i have to tell you, big festivals are really no way to enjoy bands, music, beer, food, soil, water or casual sex. maybe i am just old but i find myself staring at the damn video screens instead of the stage, i just cannot connect to the bands. spoiled by a youth of booking bands, playing in a band, eating with bands, and generally being bored with bands before being blown away by bands who were literally sharing my sweat, spit and spite the whole festival thing ultimately leaves me a little cold. not that i don’t appreciate the whole overpriced flea market appeal of it all but $10 Sierra Nevada’s and taco truck lines sure ain’t for old punks. give me a draft, a chair and a band i’ve never heard of within throwing distance, in a room of a couple dozen enthusiastic know-it-alls and i’d be more tickled…you know, just how we used to see The Black Keys. i’m guessing, inside, the boys in the band feel the same way.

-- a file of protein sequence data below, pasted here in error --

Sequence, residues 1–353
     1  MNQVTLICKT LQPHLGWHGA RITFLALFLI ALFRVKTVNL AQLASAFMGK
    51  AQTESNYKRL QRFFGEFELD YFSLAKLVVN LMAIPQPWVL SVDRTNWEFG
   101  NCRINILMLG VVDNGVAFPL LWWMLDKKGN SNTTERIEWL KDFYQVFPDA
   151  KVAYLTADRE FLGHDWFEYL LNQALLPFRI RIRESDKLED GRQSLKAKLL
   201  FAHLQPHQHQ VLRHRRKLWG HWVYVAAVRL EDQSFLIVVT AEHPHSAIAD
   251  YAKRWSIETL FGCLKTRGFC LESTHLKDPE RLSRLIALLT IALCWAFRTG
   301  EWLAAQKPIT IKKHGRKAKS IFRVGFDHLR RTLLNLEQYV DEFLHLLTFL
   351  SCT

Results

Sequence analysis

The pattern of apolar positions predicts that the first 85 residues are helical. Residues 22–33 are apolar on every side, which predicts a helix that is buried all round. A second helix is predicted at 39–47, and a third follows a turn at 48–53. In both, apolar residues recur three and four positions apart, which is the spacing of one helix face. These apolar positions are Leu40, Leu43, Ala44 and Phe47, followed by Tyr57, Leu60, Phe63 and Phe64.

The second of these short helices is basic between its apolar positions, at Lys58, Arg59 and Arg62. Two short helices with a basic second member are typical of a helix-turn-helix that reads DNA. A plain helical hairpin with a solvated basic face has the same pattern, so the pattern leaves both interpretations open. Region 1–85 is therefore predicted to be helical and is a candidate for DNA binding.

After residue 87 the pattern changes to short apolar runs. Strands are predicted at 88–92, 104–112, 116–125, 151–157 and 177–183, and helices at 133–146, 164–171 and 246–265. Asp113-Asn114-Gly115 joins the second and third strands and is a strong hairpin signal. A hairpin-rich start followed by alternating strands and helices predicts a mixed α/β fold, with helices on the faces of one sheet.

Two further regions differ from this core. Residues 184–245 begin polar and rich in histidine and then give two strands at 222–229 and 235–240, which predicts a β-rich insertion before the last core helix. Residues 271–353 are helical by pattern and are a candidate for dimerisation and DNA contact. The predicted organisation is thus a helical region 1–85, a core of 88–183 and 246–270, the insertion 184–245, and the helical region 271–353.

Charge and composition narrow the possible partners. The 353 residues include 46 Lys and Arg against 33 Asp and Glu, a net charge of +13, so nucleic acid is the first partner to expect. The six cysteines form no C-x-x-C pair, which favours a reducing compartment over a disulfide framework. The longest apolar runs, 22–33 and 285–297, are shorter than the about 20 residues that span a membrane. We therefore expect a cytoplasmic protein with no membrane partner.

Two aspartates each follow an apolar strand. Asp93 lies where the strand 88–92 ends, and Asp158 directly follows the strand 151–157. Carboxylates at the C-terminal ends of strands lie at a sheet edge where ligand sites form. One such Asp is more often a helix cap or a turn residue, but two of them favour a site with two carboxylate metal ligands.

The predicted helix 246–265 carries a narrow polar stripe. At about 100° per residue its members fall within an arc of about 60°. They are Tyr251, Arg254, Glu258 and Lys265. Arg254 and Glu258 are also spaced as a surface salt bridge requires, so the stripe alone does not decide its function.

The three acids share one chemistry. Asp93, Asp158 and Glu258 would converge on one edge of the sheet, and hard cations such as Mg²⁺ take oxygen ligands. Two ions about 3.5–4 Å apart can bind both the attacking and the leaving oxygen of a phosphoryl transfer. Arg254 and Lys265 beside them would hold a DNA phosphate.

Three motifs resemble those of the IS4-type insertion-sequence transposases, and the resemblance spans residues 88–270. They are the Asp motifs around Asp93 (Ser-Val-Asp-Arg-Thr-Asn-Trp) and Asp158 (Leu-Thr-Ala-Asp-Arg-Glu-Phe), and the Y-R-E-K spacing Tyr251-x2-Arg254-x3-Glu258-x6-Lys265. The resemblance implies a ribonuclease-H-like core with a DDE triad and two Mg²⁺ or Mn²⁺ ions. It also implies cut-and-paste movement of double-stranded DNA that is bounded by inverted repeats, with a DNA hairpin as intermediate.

Patrick Carney @patrickcarney of The Black Keys on a video screen at Forecastle Festival.
Seeing the unseeable
Filling down the void,
We’re not what we used to be
We’re not really boys.
–Unconsciously Screamin’, In a Priest-Driven Ambulance, the Flaming Lips
somehow 25 years has passed and things have changed, and things have samed. there’s always been music that mattered, hidden in the cracks of existence, in the lowest, in the best and the most mundane moments that i have been. if you took all of it, shook it out, there would be bands and musicians who probably meant the most, who were the pieces in the soundtrack in the made-for-TV movie that is my little life. the Lips would be there.
hey, i just heard that the US got beat by Mexico. no, not talking about in the Gold Cup or any of that. i am talking about for the title of fattest, most obese, most likely to belch then fall over dead. ironic how poverty now leads to obesity instead of starvation. explain to me again how fresh food is too expensive for normal humans to eat yet factories can pump out completely processed shit for much less than we can get it from a farmer? job creators to human cremators. makes little sense. sigh.